Advertisement

How Communities Affect the Technology Acceptance Model in the Retail Sector

  • Daniele PederzoliEmail author
Chapter
Part of the Lecture Notes in Information Systems and Organisation book series (LNISO, volume 30)

Abstract

The technology acceptance model has greatly evolved since its first appearance in the literature around 30 years ago. One of the most important changes has been the increasing influence of social activities on the adoption of technology in everyday life. Technologies allow customer to create communities that can exert a strong influence in the process of technology acceptance, especially in retailing where the relations between companies and consumers are a fundamental part of the everyday activity. In our study, we have analyzed how groups of consumers create value during the shopping process and help one other to manage relations with technologies and overcome the perceived threats of the shopping and user experience.

Keywords

Technology acceptance model Community Retail Co-creation 

References

  1. 1.
    Davis, F.: Perceived usefulness, perceived ease of use, and user acceptance of information technology. MIS Q. 13, 319–340 (1989)CrossRefGoogle Scholar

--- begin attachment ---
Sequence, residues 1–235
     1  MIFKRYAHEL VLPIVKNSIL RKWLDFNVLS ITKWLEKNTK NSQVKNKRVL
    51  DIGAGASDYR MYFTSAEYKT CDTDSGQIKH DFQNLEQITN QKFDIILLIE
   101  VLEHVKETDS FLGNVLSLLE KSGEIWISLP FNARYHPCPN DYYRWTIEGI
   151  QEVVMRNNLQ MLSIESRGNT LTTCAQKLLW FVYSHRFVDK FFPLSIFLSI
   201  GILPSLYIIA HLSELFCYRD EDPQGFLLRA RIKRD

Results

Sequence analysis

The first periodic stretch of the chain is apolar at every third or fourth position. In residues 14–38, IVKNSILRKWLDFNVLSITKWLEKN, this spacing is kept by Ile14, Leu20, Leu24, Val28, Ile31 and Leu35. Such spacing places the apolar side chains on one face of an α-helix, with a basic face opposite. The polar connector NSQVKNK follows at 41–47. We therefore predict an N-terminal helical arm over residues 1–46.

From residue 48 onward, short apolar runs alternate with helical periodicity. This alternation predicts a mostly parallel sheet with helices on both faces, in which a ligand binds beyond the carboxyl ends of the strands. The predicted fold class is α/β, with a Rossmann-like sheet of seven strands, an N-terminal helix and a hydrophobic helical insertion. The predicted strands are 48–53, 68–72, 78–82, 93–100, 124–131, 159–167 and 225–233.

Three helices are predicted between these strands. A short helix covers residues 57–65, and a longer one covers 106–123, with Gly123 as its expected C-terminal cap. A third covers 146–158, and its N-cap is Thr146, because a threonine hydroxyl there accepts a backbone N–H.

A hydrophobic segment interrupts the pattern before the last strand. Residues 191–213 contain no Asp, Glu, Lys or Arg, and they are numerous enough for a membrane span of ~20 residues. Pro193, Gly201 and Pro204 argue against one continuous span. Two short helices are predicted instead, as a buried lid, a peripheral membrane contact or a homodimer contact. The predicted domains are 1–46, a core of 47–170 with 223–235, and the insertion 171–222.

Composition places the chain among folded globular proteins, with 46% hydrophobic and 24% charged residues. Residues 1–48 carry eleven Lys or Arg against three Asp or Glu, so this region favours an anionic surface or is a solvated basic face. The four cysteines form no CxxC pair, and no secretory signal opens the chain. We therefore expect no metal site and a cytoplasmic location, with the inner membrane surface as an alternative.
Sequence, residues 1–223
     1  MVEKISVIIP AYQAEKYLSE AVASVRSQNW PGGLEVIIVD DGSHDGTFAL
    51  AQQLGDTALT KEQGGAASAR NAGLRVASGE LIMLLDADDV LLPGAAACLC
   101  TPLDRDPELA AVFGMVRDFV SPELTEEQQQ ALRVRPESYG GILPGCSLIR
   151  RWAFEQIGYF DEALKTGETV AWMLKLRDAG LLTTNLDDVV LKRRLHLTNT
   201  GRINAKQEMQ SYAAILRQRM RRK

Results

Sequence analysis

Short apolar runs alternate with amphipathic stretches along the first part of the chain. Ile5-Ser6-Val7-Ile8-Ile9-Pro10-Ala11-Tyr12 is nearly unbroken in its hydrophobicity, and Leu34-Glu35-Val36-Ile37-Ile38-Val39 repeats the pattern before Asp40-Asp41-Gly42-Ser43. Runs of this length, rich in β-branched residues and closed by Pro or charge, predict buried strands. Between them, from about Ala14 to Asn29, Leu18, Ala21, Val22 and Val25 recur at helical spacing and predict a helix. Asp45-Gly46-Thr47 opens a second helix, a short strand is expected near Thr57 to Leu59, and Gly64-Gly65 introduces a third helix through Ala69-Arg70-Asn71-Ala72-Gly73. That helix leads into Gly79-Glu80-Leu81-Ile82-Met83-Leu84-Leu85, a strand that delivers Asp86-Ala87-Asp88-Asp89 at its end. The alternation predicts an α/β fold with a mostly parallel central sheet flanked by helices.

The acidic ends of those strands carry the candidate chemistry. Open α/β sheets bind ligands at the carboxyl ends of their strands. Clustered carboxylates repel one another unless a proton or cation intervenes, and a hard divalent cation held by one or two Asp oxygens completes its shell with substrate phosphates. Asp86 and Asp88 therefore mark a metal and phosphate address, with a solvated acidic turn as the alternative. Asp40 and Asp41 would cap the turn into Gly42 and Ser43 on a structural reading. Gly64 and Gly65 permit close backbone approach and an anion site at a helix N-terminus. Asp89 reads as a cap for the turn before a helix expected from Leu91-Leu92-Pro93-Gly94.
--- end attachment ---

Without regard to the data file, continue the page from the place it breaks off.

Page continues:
2. 2.
    Davis, F., Bagozzi, R., Warshaw, P.: User acceptance of computer technology: a comparison of two theoretica models. Manage. Sci. 35, 982–1003 (1989)CrossRefGoogle Scholar
  3. 3.
    Pantano, E., Di Pietro, L.: Understanding consumer’’ acceptance of technology-based innovations in retailing. J. Technol. Manage. Innov. 7(4), 1–19 (2012)CrossRefGoogle Scholar
  4. 4.
    Svendsen, G.B., Johnsen, J.-A.K., Almas-Sorensen, L., Vitterso, J.: Personality and technology acceptance: the influence of personality factors on the core constructs of the technology acceptance model. Behav. Inf. Technol. 32(4), 323–334 (2013)CrossRefGoogle Scholar
  5. 5.
    Ingham, J., Cadieux, J., Abdelouahab, M.B.: e-Shopping acceptance: a qualitative and meta-analytical review. Inf. Manage. 52, 44–60 (2015)CrossRefGoogle Scholar
  6. 6.
    Ha, S., Stoel, L.: Consumer e-shopping acceptance: antecedents in a technology acceptance model. J. Bus. Res. 62, 565–571 (2009)CrossRefGoogle Scholar
  7. 7.
    Agrebi, S., Jallais, J.: Explain the intention to use smartphones for mobile shopping. J. Retail. Consum. Serv. 22, 16–23 (2015)CrossRefGoogle Scholar
  8. 8.